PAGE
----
MuggleNet Interviews the Crew at the Deathly Hallows – Part 1 Premiere in New York
by Andrew Sims · Published · Updated
Our interview with the crew at the New York premiere of Harry Potter and the Deathly Hallows – Part 1 is now online.
We talk to screenwriter Steve Kloves, producer David Barron, and director David Yates. Of note, Yates mentioned that the deleted scenes on the DVD will include Harry and Petunia at Privet Drive and Harry and Ron trying to kill a rabbit while hunting in the forest.
Unfortunately, we were unable to get time to speak with any of the cast.
Transcribed by Ryan McCormick
Andrew Sims: Hey everyone, [this is] Andrew Sims at the New York premiere of Harry Potter and the Deathly Hallows. A lot of stars [are] showing up today…
[Instrumental music playing]
Andrew: We have Micah Tannenbaum on camera and a lot of great interviews coming up for you guys. [speaking to Steve Kloves] How did you decide for this one what stays and what was pulled out?
Steve Kloves: It's a really good question because it was a really hard thing for me. As you know, all the previous books I adapted, I did in one movie. So instantly, certain decisions are honestly made for you. You know you can't have this [and] you can have [that]. On this, instead of having two and a half hours of screen time, I had five hours of screen time, and I thought, “This [is] going to be fantastic, this is going to be easy,” and suddenly I opened the book and I go, “Wait a minute, the decisions aren't made for me anymore? I've got to actually figure this out a little bit.” And I am being slightly facetious, but not really. It was very hard when I started Hallows to find the rhythm of the choices and what to emphasize [or] what to lose. I found that rhythm, but initially, it was a little bit of tough sledding because of what I was talking about.
Micah Tannenbaum: What do you think it is about Harry Potter that drives everyone crazy?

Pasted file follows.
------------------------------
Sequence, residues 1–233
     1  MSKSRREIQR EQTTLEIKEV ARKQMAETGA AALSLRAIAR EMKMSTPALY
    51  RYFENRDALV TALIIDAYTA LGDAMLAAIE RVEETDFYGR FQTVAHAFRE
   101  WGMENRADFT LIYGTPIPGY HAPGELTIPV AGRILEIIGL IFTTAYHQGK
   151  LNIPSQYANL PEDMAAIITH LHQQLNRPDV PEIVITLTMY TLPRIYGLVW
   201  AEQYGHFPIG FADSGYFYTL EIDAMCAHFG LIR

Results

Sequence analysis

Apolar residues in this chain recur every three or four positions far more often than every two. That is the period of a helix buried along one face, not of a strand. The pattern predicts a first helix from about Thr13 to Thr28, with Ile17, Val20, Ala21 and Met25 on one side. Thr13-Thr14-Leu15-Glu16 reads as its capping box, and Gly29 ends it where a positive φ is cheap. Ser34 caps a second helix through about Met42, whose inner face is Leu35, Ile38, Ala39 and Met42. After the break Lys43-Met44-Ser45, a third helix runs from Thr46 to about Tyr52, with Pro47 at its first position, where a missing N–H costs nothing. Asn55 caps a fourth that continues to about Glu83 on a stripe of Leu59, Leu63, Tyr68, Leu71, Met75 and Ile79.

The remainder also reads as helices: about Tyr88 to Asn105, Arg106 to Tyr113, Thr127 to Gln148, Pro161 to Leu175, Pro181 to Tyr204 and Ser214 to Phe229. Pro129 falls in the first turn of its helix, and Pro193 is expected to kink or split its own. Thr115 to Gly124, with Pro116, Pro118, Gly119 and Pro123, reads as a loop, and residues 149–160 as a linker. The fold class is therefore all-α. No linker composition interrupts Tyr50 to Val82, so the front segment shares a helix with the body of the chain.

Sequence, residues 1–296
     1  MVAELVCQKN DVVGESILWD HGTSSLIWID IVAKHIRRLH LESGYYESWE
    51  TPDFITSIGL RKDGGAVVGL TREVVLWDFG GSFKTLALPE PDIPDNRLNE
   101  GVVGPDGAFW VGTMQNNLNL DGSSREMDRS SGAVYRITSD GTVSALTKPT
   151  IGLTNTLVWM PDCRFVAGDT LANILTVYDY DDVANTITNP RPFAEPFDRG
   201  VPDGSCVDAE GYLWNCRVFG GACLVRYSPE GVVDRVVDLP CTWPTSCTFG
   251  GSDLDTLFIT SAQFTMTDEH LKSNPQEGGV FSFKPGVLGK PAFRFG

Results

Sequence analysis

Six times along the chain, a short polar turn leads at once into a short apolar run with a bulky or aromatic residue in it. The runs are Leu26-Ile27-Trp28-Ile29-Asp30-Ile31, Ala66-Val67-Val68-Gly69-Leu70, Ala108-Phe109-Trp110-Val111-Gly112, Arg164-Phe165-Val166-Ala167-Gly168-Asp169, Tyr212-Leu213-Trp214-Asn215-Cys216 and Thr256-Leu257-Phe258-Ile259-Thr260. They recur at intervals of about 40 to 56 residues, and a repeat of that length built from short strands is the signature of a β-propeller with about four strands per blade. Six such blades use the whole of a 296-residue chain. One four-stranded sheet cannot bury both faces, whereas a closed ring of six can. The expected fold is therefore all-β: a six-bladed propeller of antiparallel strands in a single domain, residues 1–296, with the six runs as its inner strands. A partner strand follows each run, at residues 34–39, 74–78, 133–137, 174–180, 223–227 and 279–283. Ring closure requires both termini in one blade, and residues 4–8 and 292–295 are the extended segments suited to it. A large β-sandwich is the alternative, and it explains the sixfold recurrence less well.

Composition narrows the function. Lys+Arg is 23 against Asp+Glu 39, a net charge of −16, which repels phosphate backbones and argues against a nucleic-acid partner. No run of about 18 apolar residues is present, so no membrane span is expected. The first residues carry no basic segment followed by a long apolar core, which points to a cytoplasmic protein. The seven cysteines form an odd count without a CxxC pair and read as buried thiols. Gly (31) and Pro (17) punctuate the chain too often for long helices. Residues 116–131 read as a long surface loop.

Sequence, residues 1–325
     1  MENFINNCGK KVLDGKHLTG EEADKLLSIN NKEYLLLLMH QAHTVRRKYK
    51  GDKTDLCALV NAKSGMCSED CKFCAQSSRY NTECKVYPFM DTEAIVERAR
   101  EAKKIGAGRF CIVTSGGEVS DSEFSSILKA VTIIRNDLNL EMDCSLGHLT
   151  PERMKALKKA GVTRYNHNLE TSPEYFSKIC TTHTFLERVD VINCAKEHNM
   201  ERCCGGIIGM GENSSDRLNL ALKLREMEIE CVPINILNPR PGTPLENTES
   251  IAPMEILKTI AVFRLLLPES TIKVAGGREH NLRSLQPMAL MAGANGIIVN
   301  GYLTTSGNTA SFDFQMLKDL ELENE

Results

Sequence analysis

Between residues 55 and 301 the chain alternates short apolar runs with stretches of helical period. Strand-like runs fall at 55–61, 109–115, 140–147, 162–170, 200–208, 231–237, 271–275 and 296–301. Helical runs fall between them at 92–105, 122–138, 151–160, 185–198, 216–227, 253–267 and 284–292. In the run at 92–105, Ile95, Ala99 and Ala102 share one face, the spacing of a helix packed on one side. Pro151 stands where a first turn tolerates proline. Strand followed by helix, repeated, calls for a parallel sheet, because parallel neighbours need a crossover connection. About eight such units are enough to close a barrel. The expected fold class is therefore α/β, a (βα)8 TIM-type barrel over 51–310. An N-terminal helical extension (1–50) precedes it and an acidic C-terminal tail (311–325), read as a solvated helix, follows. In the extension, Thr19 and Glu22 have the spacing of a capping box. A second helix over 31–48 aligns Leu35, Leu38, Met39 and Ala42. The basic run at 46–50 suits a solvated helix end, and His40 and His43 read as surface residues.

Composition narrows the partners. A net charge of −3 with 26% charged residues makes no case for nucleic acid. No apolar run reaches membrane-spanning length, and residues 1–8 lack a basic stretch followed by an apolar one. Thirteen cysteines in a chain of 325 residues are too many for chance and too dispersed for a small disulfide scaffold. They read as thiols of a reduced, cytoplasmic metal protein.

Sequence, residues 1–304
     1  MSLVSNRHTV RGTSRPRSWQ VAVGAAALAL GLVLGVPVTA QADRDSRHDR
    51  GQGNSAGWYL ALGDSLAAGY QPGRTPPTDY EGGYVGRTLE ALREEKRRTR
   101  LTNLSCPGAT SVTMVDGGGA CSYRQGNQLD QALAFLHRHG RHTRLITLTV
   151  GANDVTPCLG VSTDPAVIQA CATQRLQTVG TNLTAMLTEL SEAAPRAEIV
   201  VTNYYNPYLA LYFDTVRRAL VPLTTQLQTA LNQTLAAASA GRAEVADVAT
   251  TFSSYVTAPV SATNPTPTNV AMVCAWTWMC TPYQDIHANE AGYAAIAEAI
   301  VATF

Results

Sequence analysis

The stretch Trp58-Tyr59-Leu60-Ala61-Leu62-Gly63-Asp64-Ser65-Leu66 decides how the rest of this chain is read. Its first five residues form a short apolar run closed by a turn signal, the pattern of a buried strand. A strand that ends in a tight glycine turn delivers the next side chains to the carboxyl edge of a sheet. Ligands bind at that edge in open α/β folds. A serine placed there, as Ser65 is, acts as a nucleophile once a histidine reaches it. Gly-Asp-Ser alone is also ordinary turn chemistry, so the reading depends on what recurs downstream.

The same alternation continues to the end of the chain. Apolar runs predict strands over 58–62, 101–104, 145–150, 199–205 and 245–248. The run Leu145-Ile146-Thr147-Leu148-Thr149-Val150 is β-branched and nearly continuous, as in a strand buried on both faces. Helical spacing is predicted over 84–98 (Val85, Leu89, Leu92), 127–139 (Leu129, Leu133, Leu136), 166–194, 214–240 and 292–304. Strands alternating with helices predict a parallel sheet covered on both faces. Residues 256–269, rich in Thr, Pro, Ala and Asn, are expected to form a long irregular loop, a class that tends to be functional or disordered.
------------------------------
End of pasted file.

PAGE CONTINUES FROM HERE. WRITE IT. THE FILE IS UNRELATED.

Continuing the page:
Steve: I think, in a very cynical age, what Jo has done is that she presents things like loyalty, courage, friendship, and honor in a way that's completely un-saccharin. And I think the world hungers for those things; they don't just want them to be presented in this cloying saccharin way, they want them to be presented earnestly, but real, and she does that. I think we've been able to do that too, and I give most of the credit for that to Emma, Rupert, and Dan. I just think you feel it's real.
Andrew: You once joked to David Heyman, [saying] you had so much material, you can make three films.
Steve: No question. That’s my feeling because I love this book, I love this story, [and] I just think Jo's world is so rich. There will be some people who shutter at me saying that, but I think it could have been three movies, personally.
Andrew: Well, I am sure a lot of fans would appreciate that, so thank you.
Steve: Thank you.
Andrew: So with Half-Blood Prince, Warner Bros. asked you, I think it was, to change the color slightly in the film [because] it was a little too green?
David Barron: [They] said [it was] too brown actually.
Andrew: Too brown?
David Barron: Yes, [they said] it was too brown.
Andrew: Was there anything like that that they asked you to change when they saw [Deathly Hallows]? Was there anything they wanted to change for this film?
David Barron: No, they loved Half-Blood Prince, but [said] it developed too strong of a look as we played with the grading, and they were right. In fact, when I was subsequently nominated for an Academy Award, Bruno Del [had] gone back and changed the grade. But no, they loved this film from beginning to end; they were very happy and didn't ask us to change anything.
Andrew: How about anything from J.K. Rowling, did she have any suggestions for you [or] advice?
David Barron: Well, she saw the film quite late on. Obviously, we speak to her throughout the filmmaking process, and she reads the script and offers advice during the development stage. But she was very, very happy with the film. She loves this film.